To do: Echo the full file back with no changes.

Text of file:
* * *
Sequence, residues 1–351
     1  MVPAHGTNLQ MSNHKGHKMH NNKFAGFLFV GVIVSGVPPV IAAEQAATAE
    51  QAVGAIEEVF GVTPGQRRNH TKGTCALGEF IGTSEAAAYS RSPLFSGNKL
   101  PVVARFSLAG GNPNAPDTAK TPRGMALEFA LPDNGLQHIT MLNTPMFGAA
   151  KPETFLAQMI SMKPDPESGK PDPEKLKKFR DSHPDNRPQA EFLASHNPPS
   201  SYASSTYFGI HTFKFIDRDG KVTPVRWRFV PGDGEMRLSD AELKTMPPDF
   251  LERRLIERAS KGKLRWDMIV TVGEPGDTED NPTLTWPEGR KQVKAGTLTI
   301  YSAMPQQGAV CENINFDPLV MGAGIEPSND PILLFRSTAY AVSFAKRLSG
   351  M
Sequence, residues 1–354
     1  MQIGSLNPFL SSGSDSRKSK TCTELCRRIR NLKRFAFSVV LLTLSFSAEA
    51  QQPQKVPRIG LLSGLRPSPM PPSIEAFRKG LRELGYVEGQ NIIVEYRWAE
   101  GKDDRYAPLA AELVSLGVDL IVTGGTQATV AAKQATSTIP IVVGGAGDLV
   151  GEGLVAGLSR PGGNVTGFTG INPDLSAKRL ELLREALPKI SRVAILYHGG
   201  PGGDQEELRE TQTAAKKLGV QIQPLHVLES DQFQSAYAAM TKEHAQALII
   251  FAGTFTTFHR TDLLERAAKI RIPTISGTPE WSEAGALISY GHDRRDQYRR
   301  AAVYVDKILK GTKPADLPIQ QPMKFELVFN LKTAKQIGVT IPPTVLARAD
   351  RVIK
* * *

Sequence, residues 1–351
     1  MVPAHGTNLQ MSNHKGHKMH NNKFAGFLFV GVIVSGVPPV IAAEQAATAE
    51  QAVGAIEEVF GVTPGQRRNH TKGTCALGEF IGTSEAAAYS RSPLFSGNKL
   101  PVVARFSLAG GNPNAPDTAK TPRGMALEFA LPDNGLQHIT MLNTPMFGAA
   151  KPETFLAQMI SMKPDPESGK PDPEKLKKFR DSHPDNRPQA EFLASHNPPS
   201  SYASSTYFGI HTFKFIDRDG KVTPVRWRFV PGDGEMRLSD AELKTMPPDF
   251  LERRLIERAS KGKLRWDMIV TVGEPGDTED NPTLTWPEGR KQVKAGTLTI
   301  YSAMPQQGAV CENINFDPLV MGAGIEPSND PILLFRSTAY AVSFAKRLSG
   351  M
Sequence, residues 1–354
     1  MQIGSLNPFL SSGSDSRKSK TCTELCRRIR NLKRFAFSVV LLTLSFSAEA
    51  QQPQKVPRIG LLSGLRPSPM PPSIEAFRKG LRELGYVEGQ NIIVEYRWAE
   101  GKDDRYAPLA AELVSLGVDL IVTGGTQATV AAKQATSTIP IVVGGAGDLV
   151  GEGLVAGLSR PGGNVTGFTG INPDLSAKRL ELLREALPKI SRVAILYHGG
   201  PGGDQEELRE TQTAAKKLGV QIQPLHVLES DQFQSAYAAM TKEHAQALII
   251  FAGTFTTFHR TDLLERAAKI RIPTISGTPE WSEAGALISY GHDRRDQYRR
   301  AAVYVDKILK GTKPADLPIQ QPMKFELVFN LKTAKQIGVT IPPTVLARAD
   351  RVIK